Thursday, February 10, 2011

unfair tax burden - registered COMPANY taxed on net earnings - registered PERSON taxed on gross earnings

in terms of tax revenue, a COUNTRY is made up of its registered COMPANYs and its registered PERSONs.

registered entity that earns revenue for their COUNTRY of registration

registered entity that earns revenue for their COUNTRY of registration.

As you can see, both these registered entities earn revenue for their COUNTRY of registration. But there's a BIG DIFFERENCE in the tax burden of these two entities called RUNNING COSTS.

We all know what the running costs of a COMPANY are: assets (property and equipment) & liabilities (wages, amenities, loans etc...) A COMPANY can deduct these values from their gross earnings before being taxed: this is known as pre-tax profit.

Well, if the legal definition of COMPANY and PERSON are so alike, why are PERSONs not allowed to deduct their 'running costs' before they are taxed on their earnings? Yes, there's a P.A.Y.E. pre-tax 'allowance' for a registered PERSON so let's do the accounting with some generous figures to see the unfairness.

PERSON (with pre-tax allowance)
earns £25,000 p/a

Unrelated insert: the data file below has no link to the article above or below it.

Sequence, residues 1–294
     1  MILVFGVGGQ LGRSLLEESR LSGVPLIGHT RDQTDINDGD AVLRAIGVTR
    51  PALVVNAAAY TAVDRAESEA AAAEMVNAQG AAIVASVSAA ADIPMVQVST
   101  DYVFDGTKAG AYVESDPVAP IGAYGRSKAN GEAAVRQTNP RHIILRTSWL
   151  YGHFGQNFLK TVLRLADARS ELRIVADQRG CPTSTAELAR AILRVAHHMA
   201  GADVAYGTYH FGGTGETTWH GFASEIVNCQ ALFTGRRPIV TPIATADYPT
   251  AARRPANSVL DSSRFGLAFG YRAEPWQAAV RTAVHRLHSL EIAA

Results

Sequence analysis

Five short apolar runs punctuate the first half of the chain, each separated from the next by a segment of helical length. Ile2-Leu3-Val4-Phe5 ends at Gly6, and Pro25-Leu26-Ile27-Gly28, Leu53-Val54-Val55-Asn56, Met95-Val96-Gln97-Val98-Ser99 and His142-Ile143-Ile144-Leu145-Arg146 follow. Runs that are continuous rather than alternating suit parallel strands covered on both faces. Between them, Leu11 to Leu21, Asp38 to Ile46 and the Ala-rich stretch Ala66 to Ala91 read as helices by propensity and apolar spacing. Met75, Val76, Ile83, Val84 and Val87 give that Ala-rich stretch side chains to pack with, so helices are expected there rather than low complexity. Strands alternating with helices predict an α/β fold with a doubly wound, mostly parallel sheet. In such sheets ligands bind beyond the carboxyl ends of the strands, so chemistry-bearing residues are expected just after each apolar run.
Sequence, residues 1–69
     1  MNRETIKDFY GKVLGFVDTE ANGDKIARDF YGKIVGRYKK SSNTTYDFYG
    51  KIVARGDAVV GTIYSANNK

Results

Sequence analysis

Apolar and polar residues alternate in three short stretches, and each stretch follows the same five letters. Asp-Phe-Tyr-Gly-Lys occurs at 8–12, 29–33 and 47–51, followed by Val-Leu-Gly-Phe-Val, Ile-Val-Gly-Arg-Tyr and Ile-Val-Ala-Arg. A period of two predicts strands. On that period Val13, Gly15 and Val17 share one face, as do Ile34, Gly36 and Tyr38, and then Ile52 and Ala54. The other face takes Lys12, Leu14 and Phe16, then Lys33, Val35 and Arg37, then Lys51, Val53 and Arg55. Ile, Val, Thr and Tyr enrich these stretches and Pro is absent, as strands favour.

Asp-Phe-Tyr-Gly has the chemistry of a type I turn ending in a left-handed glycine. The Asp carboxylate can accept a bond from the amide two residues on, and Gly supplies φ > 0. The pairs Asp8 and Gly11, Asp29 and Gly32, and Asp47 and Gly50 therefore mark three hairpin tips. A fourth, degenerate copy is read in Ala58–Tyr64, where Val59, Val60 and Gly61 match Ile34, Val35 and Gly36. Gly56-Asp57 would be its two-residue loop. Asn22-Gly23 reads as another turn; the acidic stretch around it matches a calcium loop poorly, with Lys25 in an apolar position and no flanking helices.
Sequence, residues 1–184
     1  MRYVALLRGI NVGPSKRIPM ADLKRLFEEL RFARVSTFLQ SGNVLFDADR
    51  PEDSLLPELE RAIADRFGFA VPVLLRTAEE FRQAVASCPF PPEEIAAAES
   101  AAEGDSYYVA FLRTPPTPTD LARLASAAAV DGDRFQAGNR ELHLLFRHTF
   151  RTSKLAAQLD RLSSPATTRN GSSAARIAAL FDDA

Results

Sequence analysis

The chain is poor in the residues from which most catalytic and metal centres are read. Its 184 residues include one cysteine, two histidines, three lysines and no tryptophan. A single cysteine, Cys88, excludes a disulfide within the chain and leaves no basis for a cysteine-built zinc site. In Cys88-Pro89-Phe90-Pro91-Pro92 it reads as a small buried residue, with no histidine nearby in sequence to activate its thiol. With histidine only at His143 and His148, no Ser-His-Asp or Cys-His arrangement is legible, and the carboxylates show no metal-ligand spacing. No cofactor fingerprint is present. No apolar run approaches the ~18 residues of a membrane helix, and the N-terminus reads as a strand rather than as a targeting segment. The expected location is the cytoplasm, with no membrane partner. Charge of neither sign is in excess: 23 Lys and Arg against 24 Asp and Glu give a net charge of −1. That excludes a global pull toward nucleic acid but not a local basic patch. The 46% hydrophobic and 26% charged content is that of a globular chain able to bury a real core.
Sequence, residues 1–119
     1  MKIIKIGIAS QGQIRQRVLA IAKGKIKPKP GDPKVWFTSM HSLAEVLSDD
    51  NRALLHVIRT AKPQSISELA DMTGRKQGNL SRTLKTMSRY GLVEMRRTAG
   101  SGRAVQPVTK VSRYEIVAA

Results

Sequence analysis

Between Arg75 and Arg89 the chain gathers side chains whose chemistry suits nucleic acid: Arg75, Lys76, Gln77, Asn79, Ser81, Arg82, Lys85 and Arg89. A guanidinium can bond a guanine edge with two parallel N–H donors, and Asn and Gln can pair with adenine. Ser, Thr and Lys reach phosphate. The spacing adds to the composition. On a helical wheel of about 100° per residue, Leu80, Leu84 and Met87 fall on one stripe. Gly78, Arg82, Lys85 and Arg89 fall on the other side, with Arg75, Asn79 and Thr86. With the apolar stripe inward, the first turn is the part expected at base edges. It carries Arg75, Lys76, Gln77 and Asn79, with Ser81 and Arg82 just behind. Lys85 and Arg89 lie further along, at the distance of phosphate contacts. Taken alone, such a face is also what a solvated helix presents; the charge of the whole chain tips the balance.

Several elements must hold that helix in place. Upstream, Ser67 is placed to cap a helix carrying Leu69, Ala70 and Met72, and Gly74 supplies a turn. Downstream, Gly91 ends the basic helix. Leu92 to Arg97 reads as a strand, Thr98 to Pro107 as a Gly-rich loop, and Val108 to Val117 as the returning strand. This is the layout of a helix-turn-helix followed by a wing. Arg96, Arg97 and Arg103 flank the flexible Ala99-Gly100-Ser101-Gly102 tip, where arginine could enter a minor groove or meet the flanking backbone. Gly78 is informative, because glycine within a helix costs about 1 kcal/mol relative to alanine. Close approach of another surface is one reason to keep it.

pre-tax allowance £5,000
£25,000 earnings - £5,000 pre-tax allowance = £20,000
P.A.Y.E. contribution 25% of £20,000 = £5,000

Now, let's apply the pre-tax PROFIT trick to a PERSON'S tax calculation

PERSON (with running costs)
earns £25,000 p/a
running costs (rent/loan £10,000, transport £1,125, utilities £1,000, food £4,000) p/a
£25,000 -£10,000 -£1,125 -£1,000 -£4,000 = £8,875
tax contribution 25% of £8,875 = £2218.75

Wow, LESS THAN HALF THE TAX BURDEN per PERSON - isn't that amazing!

And saving a PERSON a couple of thousand pounds isn't even the point of this exercise. The point is, it's GROSSLY UNFAIR to tax one revenue-contributing entity one way and another revenue-contributing entity completely differently. Imagine if COMPANYs had to cover their own running costs, the way PERSONs are asked to do?

You know? Fair's fair.

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